through communication;
•       communicate their mathematical thinking coherently and
Communication
clearly to peers, teachers, and others;
•       use the language of mathematics to express mathematical
ideas precisely
•       recognize and apply mathematics in contexts outside of
Connections
mathematics.
•       select, apply, and translate among mathematical
representations to solve problems;
Representation
•       use representations to model and interpret physical, social,
and mathematical phenomena

SESSION-RELATED QUESTIONS:

   Since the software does not use a traditional installation, students may ask questions
about the installation process, permissions for installing on campus, etc.
   Since one major purpose of the lesson (particularly for SEED418 students) is to be
comfortable with the software and using multiple tools, there may be lots of “how-do-I-
…?” questions, so we the teachers need to be very familiar and comfortable with the
features and how they are used in the activity.
   The assignment questions are fairly open-ended and may result in students asking about
which specific details to include. We want them to experiment with the software, reflect
on their experience, and draw their own conclusions, so when they ask, we will say,
“write whatever you think it takes to answer the question.” We can also encourage
students to discuss their individual results to help each other draw conclusions.

IMBEDDED / FORMATIVE ASSESSMENT OPPORTUNITIES: We have the incredible
benefit of cooperative teaching with two instructors—during the demonstration and walkthrough,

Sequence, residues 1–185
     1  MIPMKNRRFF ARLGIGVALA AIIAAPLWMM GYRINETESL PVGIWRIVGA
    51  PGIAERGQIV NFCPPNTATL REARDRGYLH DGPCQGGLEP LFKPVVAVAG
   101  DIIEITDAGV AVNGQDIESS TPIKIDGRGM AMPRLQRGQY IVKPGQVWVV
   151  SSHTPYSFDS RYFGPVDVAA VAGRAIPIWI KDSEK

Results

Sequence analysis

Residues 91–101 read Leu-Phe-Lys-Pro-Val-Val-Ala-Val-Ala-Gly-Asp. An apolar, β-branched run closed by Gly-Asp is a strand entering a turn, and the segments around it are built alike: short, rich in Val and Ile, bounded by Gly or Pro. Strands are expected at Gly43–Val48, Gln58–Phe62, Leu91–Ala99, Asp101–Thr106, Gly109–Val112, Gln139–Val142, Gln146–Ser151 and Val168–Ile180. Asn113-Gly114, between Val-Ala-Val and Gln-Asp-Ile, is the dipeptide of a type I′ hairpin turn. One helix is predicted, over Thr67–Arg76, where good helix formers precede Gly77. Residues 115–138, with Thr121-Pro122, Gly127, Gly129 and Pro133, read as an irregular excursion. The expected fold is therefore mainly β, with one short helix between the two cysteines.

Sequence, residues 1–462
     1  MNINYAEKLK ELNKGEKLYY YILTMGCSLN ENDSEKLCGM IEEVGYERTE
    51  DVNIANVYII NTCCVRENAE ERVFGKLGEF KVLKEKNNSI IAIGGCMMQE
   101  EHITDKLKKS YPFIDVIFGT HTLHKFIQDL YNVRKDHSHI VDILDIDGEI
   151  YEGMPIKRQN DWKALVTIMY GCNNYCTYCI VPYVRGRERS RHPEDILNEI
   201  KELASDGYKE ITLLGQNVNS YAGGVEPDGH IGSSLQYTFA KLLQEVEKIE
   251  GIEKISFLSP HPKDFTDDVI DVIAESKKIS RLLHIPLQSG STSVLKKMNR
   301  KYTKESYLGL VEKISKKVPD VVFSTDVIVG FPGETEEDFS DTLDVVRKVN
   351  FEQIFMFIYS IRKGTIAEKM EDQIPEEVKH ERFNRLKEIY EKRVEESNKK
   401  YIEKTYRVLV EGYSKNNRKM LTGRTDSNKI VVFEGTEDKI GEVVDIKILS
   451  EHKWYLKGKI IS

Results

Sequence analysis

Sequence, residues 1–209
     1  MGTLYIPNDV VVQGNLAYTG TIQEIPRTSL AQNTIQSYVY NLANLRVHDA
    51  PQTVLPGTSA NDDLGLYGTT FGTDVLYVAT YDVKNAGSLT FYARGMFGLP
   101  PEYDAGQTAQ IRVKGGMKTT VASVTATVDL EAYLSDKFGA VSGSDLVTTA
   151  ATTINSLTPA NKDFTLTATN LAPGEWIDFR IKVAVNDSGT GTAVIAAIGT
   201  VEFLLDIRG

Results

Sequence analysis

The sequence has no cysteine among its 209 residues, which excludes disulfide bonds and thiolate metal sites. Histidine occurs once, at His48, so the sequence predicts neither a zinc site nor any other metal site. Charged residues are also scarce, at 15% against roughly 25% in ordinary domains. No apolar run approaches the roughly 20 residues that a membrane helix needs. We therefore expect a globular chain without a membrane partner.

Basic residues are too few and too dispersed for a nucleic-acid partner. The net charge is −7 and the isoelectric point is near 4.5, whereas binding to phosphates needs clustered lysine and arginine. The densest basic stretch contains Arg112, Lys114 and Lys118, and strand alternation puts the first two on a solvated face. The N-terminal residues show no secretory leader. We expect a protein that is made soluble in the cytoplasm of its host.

one teacher can provide the examples with the projection system while the other keeps a close
eye on the students as they perform the tasks. Having the students following closely to the
demonstration while the other teacher supervises the work will be the best way to catch errors
and misunderstandings as they happen. A homework assignment provides a summative
assessment that can begin as embedded if there is time to start it at the end of the lesson.

INSTRUCTOR MATERIALS: Computer without ImageJ (we will install it as part of the
lesson) and with MS Excel, MS Word, and a Web browser (e.g. Internet Explorer or Firefox),
projector, Internet access. The download location of the ImageJ ZIP file is
http://rsbweb.nih.gov/ij/download/zips/ij142.zip.

PARTICIPANT MATERIALS: Computer without ImageJ (we will install it as part of the
lesson) and with MS Excel, MS Word, and a Web browser (e.g. Internet Explorer or Firefox),
projector, Internet access. The download location of the ImageJ ZIP file is
http://rsbweb.nih.gov/ij/download/zips/ij142.zip. Also, provide the students with the URL for the